Chernobyl Roulette

Chernobyl Roulette

A War Story


'A necessary book – and I can think of no writer better qualified to write it' Cal Flyn

What if Chernobyl was just the beginning?

The acclaimed winner of the Baillie Gifford Prize returns to Chernobyl to tell the gripping story of thirty-five days of war

On 24 February 2022, the first day of Russia’s full-scale invasion of Ukraine, armoured vehicles approached the Chernobyl nuclear power plant in northern Ukraine. It was the most direct way for them to reach the capital - and an extraordinarily reckless plan after the disaster that had taken place there three decades earlier. Russian occupation of the plant had begun. It would last thirty-five days.

Closely reported and narrated from multiple perspectives, this is the story of the Ukrainians who were held hostage and worked shifts for weeks instead of days to spare the world a new nuclear accident. We meet Valentyn Heiko, the foreman who had also been there for the clean-up of the Chernobyl accident in 1986 and turned sixty during the occupation; plant workers who found a way to celebrate International Women’s Day despite all odds; Russian officers who had no knowledge of nuclear reactors; and four stalkers who were caught in the middle and stood in for the overworked cook.

Gripping and unforgettable, Chernobyl Roulette sounds the alarm about the dangers of nuclear sites in an unprecedented time, when plant workers are left to fight on their own while the world holds its breath. In a book that reads like a thriller, Serhii Plokhy tells a remarkable story about human nature, uncertainty and courage.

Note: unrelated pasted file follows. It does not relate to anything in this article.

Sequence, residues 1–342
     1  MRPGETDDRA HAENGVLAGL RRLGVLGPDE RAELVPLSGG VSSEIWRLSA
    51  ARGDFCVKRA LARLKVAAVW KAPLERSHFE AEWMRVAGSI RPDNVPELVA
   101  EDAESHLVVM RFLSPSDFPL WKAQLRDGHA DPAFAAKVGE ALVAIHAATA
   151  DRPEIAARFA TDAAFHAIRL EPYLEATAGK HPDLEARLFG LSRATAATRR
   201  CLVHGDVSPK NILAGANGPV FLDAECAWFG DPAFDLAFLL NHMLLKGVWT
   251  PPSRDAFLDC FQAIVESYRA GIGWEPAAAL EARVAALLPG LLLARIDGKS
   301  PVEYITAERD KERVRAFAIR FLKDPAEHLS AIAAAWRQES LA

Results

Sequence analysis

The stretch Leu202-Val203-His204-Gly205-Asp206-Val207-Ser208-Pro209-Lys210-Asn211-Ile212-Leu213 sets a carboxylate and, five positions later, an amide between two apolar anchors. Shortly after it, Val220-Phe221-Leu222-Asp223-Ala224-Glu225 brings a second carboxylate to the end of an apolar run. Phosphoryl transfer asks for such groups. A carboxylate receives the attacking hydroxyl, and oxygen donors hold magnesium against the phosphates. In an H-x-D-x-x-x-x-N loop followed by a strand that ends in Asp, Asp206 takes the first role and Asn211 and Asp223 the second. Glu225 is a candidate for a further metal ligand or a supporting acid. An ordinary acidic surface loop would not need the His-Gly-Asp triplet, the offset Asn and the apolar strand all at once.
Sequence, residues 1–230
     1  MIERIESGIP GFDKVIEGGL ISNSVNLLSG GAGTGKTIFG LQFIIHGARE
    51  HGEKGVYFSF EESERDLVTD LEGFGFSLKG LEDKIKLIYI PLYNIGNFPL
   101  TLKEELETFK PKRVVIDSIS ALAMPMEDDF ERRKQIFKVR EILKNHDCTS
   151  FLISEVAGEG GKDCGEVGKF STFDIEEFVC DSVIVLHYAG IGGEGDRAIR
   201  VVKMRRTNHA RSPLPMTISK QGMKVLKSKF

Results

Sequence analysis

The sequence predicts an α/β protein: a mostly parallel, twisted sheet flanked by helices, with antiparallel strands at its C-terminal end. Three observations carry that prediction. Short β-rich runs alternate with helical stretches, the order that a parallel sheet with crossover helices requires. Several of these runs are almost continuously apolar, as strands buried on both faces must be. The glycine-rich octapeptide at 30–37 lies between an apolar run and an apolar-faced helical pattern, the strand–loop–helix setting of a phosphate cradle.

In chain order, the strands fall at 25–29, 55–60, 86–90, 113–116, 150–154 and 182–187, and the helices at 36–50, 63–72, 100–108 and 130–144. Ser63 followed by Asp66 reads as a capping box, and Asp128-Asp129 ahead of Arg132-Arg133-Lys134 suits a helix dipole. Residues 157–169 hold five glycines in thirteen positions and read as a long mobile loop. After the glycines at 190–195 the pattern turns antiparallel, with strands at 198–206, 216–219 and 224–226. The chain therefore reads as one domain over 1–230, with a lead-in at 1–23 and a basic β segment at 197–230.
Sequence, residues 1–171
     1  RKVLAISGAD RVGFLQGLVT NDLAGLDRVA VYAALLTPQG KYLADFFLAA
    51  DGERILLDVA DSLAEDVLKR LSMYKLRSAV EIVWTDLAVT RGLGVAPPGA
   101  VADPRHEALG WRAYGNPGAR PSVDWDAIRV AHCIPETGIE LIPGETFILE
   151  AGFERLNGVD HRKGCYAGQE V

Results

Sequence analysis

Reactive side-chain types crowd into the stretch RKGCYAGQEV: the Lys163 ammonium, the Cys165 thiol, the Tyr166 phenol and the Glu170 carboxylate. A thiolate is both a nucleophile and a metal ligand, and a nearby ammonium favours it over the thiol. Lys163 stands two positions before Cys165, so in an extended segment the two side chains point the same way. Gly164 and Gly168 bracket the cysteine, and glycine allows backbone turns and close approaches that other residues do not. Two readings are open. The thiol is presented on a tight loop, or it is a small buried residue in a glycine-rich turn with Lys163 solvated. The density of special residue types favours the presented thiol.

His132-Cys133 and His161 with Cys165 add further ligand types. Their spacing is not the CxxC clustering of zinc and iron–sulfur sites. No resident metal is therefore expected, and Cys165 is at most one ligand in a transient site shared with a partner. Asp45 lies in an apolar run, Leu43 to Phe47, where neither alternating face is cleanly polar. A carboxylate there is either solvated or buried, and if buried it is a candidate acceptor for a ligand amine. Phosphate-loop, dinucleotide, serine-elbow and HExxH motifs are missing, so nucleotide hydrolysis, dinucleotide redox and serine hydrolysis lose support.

• A terrifying blow-by-blow account of what could have been the most disastrous postscript to the 1986 nuclear disaster at Chernobyl. Plokhy's exacting, precise and ultimately humane account is an act of global public service. This is a necessary book – and I can think of no writer better qualified to write it
    Cal Flyn, author of Islands of Abandonment

About the author

Serhii Plokhy

Serhii Plokhy is the author of Chernobyl: History of a Tragedy, which won the Baillie Gifford Prize and the Pushkin House Book Prize, and the New York Times bestseller The Gates of Europe. His many acclaimed books, including The Russo-Ukrainian War, Nuclear Folly and Atoms and Ashes, have been translated into over a dozen languages. He is Professor of History at Harvard University where he also serves as Director of the Harvard Ukrainian Research Institute.
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